Although Sydney Grimes joined the RAF’s famous 617 Squadron too late for the iconic Second World War dambuster raid, what he and his fellow airmen did next was every bit as heroic and dangerous.
Mr Grimes’ story, along with those of fellow squadron members, features in the latest book by military history writer John Nichol titled After The Flood - What The Dambusters Did Next.
He joined the Dambusters as a wireless operator and his first mission aboard a Lancaster bomber was to help sink the giant German battleship Tirpitz in October 1944. The initial raid was unsuccessful, but Mr Grimes, returned with 617 squadron the following month and finally sunk the vessel. He has a piece of the wooden deck as a memento.
Other 617 operations included the bombing of the Bielefeld viaduct, Mr Grimes’ last mission, and crucially the destruction of V-weapons sites in north eastern France, which, if allowed to become operational, could have wrought havoc on Britain.
Mr Nichol said: “Although the Dambusters film is so evocative, almost nobody knows what they did next.”
He interviewed the three remaining survivors of the Dambusters raid, although pilot Les Munro has since died, and 15 to 20 other veterans, including Mr Grimes.
Mr Nichol said the different thing about Mr Grimes’ story was the fact that he was with his wife Iris at the time, and she was able to give her side of the story.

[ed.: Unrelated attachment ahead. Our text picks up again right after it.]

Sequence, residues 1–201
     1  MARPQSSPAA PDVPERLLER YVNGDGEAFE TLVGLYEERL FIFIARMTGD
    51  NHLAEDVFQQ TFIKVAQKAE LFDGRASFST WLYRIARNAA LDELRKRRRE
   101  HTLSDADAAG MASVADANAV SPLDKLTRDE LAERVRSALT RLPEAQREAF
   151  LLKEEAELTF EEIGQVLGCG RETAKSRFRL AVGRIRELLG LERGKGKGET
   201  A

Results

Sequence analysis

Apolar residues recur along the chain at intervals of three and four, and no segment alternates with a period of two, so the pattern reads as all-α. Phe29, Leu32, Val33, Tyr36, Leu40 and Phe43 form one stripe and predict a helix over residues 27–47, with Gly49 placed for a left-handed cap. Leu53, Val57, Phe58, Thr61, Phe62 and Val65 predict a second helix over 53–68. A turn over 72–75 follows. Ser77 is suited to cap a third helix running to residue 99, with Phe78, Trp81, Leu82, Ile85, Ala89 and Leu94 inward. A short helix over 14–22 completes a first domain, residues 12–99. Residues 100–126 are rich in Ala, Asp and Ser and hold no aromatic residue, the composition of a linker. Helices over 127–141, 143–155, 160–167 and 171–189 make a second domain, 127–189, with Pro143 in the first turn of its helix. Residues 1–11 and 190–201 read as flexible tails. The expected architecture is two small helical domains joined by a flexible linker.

He said: “It was brilliant to interview them about the wartime experience, including the wife’s perspective.
“Iris told me it was a horrid time, and would often lie awake at night with worry.
“But they never spoke about these things. It wasn’t until I interviewed them that she found out that Sydney used to take a picture of her on every flight.”
In the book Mr Grimes tries to sum up his wartime experience. He said: “I’m not sure that what I did was brave. If anyone said they were never afraid, they would be lying.”
Mr Nichol said: “These men are a reticent bunch and don’t like to blow their own trumpet. I have to blow it for them. Sydney said that you just had to push your fears to one side. They didn’t want to let their friends down or let their country down. They were a different generation.”
Mr Nichol is himself a veteran of the RAF, being shot down in his Tornado jet during the First Gulf War, held and tortured. He said his own experiences helped the veterans to trust him and open up.
“I received a letter from Sydney, last week saying how the book told his human story, which we hadn’t seen before,” said Mr Nichol. The book is widely available.